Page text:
Still unsatisfied with Iran’s cooperation, the EU-3 implicitly threatened Security Council referral again in January 2004. In response, Iran agreed to halt centrifuge activity “to the furthest extent possible.” Although, this agreement averted a diplomatic meltdown, it did little to slow Iranian nuclear progress. Within three months, Iran had assembled an additional 285 centrifuge machines, enough to complete its pilot centrifuge plant at Natanz.

In September 2004, the IAEA Board of Governors adopted another consensus resolution “deplor[ing]…the fact that Iran’s cooperation has not been as full, timely, and proactive as it could have been.” Iran responded by notifying the IAEA of its intention to resume manufacturing, assembling, and testing centrifuge technology. The same back-and-forth continued into November 2004 when Iran, again fearing referral to the Security Council, agreed to suspend “all enrichment related and reprocessing activities” and allow IAEA inspectors to place seals on certain nuclear equipment. In a surprising twist, the United States announced support for the EU-3 negotiations with Iran, thereby increasing pressure on Tehran.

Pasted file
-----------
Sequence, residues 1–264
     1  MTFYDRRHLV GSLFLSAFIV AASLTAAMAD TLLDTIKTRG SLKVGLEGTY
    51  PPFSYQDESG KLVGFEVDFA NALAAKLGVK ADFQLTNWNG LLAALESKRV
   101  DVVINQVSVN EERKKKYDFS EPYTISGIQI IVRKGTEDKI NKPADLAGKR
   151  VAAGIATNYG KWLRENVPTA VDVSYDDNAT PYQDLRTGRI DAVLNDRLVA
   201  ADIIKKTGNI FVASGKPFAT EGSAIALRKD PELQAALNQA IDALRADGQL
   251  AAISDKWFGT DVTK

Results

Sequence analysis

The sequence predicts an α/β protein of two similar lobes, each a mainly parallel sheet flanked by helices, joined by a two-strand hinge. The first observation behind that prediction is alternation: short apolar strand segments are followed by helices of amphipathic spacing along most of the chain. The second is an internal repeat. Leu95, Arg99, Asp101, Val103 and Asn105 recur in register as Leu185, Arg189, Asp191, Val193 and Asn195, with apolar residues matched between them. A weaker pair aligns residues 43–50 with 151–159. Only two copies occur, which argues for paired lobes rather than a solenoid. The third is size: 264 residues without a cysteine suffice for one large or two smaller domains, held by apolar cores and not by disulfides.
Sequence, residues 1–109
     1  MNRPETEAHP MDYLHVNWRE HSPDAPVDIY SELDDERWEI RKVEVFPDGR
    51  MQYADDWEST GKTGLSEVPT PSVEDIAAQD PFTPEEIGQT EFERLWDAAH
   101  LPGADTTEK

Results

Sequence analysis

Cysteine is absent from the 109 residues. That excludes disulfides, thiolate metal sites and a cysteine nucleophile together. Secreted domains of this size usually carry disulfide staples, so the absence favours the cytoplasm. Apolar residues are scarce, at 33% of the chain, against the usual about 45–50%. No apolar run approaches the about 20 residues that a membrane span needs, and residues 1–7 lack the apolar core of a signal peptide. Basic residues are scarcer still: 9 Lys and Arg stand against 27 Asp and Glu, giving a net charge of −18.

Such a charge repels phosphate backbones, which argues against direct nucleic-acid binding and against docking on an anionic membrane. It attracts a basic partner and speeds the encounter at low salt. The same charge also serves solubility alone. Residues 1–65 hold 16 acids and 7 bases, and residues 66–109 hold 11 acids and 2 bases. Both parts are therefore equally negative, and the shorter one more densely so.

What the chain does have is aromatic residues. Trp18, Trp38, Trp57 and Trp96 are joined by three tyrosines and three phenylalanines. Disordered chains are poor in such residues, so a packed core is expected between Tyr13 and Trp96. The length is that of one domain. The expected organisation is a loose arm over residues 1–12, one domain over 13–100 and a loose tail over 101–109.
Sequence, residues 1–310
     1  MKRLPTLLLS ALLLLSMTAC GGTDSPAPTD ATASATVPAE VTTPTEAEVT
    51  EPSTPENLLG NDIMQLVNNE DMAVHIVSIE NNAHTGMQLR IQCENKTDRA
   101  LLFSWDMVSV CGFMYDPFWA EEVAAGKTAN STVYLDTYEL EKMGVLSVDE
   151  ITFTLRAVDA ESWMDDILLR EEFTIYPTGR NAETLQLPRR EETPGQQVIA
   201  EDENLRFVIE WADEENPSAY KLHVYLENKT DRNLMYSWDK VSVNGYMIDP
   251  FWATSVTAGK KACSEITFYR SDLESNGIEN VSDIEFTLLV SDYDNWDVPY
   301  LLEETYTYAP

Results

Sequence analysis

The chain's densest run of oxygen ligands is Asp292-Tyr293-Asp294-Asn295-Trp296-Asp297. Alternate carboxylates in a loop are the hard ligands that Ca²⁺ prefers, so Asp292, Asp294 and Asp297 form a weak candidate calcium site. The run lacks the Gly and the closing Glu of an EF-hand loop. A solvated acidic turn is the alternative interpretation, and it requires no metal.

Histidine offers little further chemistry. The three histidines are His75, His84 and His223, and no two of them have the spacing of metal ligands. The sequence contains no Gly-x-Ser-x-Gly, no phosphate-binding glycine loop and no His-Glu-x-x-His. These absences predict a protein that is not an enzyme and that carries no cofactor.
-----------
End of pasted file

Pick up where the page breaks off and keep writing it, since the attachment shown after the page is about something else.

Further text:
Shortly after the election of President Ahmadinejad in August 2005, Iran declared its intention to remove the seals on its nuclear equipment and resume the enrichment activity it had previously foresworn. Eight months later, President Ahmadinejad announced, and the IAEA confirmed, that Iran had successfully enriched uranium past the LEU threshold (to 3.5 percent).